Every once in awhile I do something in the kitchen that even I think is cool, and today was one of those days. It wasn't difficult. Not even that surprising. Still, I've never known anyone else to make a hot breakfast cereal out of quinoa. (In fact, a quick Google search turned up tons of others who have done this before me, including one recipe with a picture that makes you want to take a bite out of your computer screen, on the blog 101 Cookbooks; but I didn't know about them, so it was still an invention for me!)

Quinoa is an ancient South American grain (actually it is the seed of a plant, but for cooking and eating purposes you can think of it as a grain). Heathfoodies, particularly those that don't eat animals, love it for its high protein content. And it's a good thing for the sake of the quinoa, because it's the kind of food that has to be loved for something other than it's deliciousness. Although it's not bad, and it can actually be kind of good, it's not good enough to inspire a craving. Or at least I have never craved quinoa.

Today's breakfast, like all brilliant inventions, was the direct result of necessity in a time of desperation. To be more specific: a) I had a sweet tooth and due to boring-to-talk-about but very real health concerns, I try not to eat sugar; b) I was out of oatmeal; c) I have eaten in restaurants every night for exactly one week and I wanted to eat Good, Clean Food today; and d) I just so happened to have a bag of heirloom red, Bolivan quinoa in the cupboard left over from a recipe I tested from Akasha, the real restaurant-health food hybrid in Culver City that against all my better instincts, I happen to love.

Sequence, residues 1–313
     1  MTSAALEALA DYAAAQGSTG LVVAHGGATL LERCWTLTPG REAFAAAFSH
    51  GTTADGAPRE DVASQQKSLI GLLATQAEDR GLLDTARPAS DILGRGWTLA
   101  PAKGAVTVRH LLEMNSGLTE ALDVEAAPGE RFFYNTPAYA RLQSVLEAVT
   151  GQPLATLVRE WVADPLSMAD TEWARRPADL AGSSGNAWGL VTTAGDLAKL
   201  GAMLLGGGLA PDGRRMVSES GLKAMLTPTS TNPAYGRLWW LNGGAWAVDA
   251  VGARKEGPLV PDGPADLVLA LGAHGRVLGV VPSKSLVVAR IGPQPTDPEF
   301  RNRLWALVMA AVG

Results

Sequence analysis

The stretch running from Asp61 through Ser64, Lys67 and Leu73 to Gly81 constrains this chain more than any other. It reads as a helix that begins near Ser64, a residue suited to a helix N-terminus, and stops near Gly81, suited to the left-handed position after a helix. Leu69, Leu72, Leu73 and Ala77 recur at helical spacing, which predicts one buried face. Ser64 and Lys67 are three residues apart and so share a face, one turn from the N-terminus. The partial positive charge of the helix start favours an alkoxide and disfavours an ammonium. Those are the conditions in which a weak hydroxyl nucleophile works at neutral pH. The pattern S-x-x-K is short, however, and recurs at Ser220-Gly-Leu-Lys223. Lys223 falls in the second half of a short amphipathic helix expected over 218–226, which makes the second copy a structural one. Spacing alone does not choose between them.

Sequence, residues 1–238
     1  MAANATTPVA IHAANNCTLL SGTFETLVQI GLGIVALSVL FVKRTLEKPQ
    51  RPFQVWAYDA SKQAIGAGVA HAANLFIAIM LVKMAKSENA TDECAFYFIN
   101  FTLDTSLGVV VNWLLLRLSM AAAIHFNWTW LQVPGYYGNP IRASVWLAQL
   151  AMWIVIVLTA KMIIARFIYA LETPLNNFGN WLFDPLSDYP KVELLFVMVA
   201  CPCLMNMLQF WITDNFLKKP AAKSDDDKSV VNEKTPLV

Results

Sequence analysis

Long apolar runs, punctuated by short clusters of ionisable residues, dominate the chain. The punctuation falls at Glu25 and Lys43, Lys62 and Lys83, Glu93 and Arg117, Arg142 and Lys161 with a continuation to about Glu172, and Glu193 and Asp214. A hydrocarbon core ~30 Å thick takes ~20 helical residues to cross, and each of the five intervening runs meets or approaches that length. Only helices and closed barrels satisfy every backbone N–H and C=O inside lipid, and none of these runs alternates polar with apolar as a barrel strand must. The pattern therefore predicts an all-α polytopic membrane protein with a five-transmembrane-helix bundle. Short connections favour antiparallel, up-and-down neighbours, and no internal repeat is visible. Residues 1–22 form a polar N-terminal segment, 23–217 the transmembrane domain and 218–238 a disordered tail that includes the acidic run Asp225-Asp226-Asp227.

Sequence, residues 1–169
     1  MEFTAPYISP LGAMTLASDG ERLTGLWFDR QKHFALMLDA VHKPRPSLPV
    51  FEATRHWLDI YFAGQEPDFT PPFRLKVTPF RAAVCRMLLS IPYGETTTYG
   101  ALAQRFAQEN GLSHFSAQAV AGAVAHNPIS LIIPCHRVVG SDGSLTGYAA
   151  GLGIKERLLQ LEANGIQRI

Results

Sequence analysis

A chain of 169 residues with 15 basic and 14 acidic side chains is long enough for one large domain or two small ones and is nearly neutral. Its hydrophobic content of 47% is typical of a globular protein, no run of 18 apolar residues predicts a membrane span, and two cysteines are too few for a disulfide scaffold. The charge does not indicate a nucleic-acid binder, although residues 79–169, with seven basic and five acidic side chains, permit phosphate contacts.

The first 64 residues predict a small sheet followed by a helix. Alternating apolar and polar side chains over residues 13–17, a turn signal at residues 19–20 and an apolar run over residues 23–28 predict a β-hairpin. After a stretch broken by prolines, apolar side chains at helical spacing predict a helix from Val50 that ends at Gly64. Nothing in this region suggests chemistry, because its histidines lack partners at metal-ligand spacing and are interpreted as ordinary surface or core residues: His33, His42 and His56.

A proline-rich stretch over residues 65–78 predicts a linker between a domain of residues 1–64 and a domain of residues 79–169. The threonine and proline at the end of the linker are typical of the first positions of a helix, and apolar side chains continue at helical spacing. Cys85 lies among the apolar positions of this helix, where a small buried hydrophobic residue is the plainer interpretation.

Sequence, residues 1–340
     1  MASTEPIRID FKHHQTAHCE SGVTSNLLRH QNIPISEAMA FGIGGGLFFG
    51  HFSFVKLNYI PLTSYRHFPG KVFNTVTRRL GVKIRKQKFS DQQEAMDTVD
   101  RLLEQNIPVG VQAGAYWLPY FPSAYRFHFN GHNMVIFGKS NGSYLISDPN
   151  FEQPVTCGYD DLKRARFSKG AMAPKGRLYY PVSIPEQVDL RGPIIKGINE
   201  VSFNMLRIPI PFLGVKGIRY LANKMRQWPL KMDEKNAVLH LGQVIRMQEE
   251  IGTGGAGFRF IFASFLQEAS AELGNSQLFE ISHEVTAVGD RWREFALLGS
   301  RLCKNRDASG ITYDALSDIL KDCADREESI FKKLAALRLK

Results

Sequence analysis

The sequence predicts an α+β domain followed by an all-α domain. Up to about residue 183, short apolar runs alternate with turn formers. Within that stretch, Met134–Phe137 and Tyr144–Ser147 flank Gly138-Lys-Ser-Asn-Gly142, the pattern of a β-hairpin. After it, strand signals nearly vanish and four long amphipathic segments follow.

The cereal is pretty straightforward. I might simply be able to say: Make oatmeal using quinoa in place of the oats. But since it's my job to write recipes, here goes.

Quinoa For Breakfast

2 cups liquid (depending on who you are and what you have on hand, this could be water, rice milk, soy milk, almond milk, hemp milk, or milk-milk)
1 cup quinoa (if you're like me and it makes you feel better to spend more money on special versions of basic ingredients, then seek out an heirloom variety of quinoa such as the organic red Bolivian quinoa that I used.
1/4 cup dried currants (or raisins or apricots or whatever dried fruit you want to use; or not)
1 tablespoon butter
Splash of vanilla extract
A few shakes of ground cinnamon
A big pinch (about 1/2 teaspoon) salt
1/4 cup chopped pecans, sliced almonds, or sunflower seeds, toasted

If you know how to make hot cereal without my help, please ignore everything I have written below and pay attention only to the amounts. Actually you can ignore those too, except the part about using two parts liquid to one part quinoa.

Pour the liquid into into a medium saucepan over high heat and bring it to a boil. Stir in the butter, vanilla, cinnamon, and salt. Add the currants and quinoa, stir, and return the liquid to a boil. Reduce the heat and simmer until all the liquid is absorbed, about 15 minutes. Serve it however you like to eat breakfast cereal. This morning, since I was trying to stay away from my usual why-use-milk-when-you-can-use-heavy-cream-instead way of thinking, and ate mine with a dab of butter in the center and some cold rice milk poured around the edges. (If I'd had nuts, i would have thrown those on top.) It was really good, despite all that nutritional value.

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